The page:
Pictured at a Save St Vincent's secondary school rally at the South Mall Cork city was Cslr Tony Fitzgerald and Cllrs John Sheehan with students Emily O'Leary, Saoirse O'Sullivan and Lydia Sheehan. Picture Denis Boyle
Pictured at a Save St Vincent's secondary school rally at the South Mall Cork city was Cslr Tony Fitzgerald and Cllrs John Sheehan with students Emily O'Leary, Saoirse O'Sullivan and Lydia Sheehan. Picture Denis Boyle

Tracey Doyle from Glenville, whose daughter Mia is in the Lir Hib at St Vincent’s reiterated the painful impact the decision is having on parents and children alike.

Pictured at a Save St Vincent's secondary school rally at the South Mall Cork city was Stacey Bermingham and Mary Stafford both past pupils and parents with John hayes whose grandaughter attends the school. Picture Denis Boyle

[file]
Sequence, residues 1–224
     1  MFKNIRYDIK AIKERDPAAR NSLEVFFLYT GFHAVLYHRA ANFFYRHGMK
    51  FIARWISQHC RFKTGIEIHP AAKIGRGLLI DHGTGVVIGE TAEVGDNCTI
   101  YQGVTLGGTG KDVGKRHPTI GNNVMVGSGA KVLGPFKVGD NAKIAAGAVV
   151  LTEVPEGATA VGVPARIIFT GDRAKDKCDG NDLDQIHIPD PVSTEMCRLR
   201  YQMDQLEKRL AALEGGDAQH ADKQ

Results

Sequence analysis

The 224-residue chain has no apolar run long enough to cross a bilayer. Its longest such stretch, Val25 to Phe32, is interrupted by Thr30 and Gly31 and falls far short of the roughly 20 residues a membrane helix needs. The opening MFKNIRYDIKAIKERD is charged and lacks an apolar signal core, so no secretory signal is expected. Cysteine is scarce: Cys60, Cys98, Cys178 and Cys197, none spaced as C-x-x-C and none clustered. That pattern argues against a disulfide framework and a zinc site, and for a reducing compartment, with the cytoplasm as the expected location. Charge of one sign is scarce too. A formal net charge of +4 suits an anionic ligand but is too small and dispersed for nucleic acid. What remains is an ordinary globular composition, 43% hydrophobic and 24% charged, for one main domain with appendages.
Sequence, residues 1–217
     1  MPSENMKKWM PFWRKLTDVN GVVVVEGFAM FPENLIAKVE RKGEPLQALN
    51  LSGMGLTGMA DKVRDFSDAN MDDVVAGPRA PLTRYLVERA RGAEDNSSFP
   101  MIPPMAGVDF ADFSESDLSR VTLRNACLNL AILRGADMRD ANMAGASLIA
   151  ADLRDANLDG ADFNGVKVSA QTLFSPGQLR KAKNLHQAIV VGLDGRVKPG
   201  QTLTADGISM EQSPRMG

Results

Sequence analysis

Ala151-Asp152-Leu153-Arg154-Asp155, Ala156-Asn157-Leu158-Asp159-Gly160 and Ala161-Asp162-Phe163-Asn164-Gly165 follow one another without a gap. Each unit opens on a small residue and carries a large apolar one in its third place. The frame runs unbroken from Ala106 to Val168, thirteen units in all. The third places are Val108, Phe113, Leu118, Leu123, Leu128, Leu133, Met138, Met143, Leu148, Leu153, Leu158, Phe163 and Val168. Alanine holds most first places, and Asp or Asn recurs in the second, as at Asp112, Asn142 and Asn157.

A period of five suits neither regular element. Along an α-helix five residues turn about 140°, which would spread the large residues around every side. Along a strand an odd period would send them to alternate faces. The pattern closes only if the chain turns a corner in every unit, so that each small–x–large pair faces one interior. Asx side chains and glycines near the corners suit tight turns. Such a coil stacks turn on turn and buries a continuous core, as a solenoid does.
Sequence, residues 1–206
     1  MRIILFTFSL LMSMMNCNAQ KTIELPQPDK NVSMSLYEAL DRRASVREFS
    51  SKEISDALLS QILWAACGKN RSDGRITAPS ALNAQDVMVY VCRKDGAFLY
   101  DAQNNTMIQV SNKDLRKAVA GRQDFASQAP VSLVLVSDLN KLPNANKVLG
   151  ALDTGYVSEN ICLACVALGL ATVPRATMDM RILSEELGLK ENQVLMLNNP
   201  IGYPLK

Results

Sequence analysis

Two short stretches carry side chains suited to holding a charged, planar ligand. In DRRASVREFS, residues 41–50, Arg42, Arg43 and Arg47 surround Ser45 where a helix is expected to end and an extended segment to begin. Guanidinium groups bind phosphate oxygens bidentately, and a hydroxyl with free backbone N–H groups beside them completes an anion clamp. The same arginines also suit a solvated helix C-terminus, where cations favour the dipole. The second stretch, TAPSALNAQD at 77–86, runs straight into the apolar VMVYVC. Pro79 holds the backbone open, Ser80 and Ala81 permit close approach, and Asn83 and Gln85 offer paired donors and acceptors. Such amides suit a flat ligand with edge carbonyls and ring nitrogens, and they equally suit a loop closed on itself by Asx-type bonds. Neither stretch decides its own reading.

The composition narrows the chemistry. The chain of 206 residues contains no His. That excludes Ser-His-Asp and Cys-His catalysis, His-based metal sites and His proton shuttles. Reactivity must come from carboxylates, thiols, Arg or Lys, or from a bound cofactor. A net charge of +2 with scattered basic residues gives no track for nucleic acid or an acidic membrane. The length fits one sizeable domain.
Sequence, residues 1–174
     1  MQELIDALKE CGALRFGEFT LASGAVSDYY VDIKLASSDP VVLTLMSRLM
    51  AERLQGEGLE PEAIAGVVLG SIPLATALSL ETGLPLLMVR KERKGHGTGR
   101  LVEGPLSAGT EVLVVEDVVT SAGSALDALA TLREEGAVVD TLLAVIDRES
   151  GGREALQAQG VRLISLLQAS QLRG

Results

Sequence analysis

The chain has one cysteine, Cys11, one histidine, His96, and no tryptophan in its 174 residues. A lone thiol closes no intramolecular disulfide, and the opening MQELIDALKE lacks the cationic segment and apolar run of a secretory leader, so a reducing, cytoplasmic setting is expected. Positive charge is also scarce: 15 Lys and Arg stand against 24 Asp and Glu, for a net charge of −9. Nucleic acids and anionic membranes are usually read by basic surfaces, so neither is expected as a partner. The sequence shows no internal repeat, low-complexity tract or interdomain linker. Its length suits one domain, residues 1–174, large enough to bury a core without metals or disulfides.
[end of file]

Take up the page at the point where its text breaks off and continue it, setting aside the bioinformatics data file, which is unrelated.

Pictured at a Save St Vincent's secondary school rally at the South Mall Cork city was Stacey Bermingham and Mary Stafford both past pupils and parents with John hayes whose grandaughter attends the school. Picture Denis Boyle

“The children are our future. Without the children we don’t have a future,” she said. 

“It’s as simple as that, but we won’t be giving up without a fight.” 

Tracey said “The Lir hub gets the most out of every child. We want to know why this is happening. We want answers.”

 Cork North Central Solidarity TD Mick Barry, also turned up to show his support.